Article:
I’ve talked to several Hall of Fame jockeys and trainers along the way as well as other people connected with the horse business, and in my experience, most horse people are very happy to help a writer out, especially when it comes to a horse that was really special to them. If you’re in the position of needing to talk to someone, a few courtesies can make the whole process easier and keep people willing to provide you with information:
1) If you make a contact in written form (mail, e-mail, text), introduce yourself and explain why you’re trying to make contact. Be specific about what information you’re wanting and for what purpose. If you’re wanting to set up a time for a phone call or videoconference; say so; if you’d be happy to have your questions answered by e-mail or letter, specifically offer those as options. Try to make it as easy and convenient as possible for the other person to provide what you need.
2) If you contact someone by phone and you haven’t already set up an appointment for the call, introduce yourself up front and your purpose for calling. Then ask, “Is this a good time for you?” If the other person says “no,” see if you can set a time to call back that will be more convenient, and be sure you let your potential source know how long you think it will take to discuss the needed information.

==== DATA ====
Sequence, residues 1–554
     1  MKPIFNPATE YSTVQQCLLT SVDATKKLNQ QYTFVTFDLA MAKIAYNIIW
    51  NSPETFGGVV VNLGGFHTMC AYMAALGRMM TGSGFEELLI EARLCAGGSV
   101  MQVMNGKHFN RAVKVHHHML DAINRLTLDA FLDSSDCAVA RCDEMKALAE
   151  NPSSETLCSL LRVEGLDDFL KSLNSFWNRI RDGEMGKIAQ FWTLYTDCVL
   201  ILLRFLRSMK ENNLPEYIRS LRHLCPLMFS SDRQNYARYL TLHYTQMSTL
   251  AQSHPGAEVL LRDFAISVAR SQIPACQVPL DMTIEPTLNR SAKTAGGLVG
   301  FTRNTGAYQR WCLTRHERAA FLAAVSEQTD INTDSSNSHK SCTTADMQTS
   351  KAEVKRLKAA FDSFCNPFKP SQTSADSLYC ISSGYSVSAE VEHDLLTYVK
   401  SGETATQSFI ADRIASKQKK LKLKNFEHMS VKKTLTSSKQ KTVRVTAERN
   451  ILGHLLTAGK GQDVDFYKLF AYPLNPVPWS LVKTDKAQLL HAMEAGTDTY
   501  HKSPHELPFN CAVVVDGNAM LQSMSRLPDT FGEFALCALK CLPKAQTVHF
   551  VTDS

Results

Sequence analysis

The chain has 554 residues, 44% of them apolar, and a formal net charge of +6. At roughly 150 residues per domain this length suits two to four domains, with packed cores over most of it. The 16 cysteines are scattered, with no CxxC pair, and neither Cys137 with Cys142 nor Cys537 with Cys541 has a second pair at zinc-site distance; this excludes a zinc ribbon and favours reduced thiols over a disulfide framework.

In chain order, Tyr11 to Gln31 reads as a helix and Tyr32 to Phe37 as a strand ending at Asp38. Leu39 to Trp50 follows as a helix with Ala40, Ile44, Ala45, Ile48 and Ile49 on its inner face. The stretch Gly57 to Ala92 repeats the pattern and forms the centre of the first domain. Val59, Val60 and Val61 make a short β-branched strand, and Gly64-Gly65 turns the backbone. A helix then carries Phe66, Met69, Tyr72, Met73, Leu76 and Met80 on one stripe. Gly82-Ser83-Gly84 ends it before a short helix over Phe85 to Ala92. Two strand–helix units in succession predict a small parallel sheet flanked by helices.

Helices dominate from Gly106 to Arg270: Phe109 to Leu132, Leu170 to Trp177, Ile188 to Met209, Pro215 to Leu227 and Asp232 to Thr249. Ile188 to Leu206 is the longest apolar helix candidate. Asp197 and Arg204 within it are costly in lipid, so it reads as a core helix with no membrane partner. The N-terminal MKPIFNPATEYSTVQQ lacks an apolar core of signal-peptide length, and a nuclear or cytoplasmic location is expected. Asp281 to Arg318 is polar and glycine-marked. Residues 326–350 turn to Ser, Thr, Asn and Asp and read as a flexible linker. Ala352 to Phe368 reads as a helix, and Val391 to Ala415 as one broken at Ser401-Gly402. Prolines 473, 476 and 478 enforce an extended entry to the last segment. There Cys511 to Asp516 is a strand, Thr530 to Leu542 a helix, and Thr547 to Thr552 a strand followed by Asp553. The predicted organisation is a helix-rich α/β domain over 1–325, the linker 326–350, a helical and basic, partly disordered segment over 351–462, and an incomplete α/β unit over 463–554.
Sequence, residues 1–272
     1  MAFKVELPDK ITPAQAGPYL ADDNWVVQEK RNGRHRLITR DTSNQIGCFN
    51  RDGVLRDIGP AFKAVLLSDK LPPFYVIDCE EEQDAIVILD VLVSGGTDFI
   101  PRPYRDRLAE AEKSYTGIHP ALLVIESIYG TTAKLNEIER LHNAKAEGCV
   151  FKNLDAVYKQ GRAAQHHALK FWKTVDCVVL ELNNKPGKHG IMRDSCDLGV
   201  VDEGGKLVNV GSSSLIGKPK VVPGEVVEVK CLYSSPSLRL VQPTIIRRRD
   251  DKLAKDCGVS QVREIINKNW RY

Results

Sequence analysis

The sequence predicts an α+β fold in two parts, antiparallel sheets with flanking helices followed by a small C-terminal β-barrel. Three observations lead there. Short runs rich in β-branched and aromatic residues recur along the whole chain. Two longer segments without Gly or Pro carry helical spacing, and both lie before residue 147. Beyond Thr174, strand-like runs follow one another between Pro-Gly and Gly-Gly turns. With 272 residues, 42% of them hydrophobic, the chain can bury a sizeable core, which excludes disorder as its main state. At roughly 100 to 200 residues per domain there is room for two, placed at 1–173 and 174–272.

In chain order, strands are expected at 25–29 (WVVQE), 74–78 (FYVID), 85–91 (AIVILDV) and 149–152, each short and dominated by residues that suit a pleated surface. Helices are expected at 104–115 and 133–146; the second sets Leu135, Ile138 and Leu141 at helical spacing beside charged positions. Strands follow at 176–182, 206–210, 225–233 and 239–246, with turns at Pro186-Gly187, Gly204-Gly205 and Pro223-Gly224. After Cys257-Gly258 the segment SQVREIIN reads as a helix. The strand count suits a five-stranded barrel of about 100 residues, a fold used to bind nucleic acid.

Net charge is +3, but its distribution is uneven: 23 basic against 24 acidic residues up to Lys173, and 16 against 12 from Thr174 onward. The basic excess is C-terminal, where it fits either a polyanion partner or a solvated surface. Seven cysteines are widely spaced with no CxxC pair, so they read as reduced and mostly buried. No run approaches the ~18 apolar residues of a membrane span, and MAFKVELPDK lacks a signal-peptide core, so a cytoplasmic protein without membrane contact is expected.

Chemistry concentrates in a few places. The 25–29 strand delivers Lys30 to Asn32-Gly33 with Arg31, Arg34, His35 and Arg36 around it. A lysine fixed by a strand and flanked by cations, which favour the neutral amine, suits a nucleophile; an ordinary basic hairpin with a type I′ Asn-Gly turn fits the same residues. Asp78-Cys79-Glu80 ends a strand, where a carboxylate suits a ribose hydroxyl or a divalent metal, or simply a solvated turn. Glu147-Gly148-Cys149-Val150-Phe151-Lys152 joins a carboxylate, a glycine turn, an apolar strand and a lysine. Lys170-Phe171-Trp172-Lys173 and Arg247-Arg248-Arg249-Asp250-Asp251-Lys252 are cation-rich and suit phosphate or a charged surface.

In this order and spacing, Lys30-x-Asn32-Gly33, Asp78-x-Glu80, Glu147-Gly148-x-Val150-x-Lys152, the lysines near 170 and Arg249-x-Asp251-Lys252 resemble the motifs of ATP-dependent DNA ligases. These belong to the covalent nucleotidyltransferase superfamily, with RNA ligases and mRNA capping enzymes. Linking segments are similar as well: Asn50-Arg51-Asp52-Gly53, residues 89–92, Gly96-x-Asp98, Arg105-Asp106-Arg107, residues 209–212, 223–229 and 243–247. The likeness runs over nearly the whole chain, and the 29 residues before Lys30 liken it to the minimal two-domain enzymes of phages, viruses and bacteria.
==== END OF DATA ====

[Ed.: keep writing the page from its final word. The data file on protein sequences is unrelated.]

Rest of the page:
3) Don’t ramble, and don’t get personal. Stick to the business that you’re trying to conduct.
4) Always express appreciation for being allowed contact, and say “thank you” in closing. This person’s doing you a favor—be grateful.
5) Never betray a confidence. If someone tells you something on the understanding that it won’t be made public, honor that understanding and don’t quote the information or gossip about it. And if you have contact information for someone, don’t pass it on without getting the owner’s permission first.
6) If you have permission to quote, be sure and cite your source properly.
Ultimately, it’s a matter of the Golden Rule—treat others as you would like to be treated if the situation were reversed. Be known for courtesy and professionalism, and chances are, you’ll have better luck getting what you need. And maybe you’ll even make a friend or two along the way!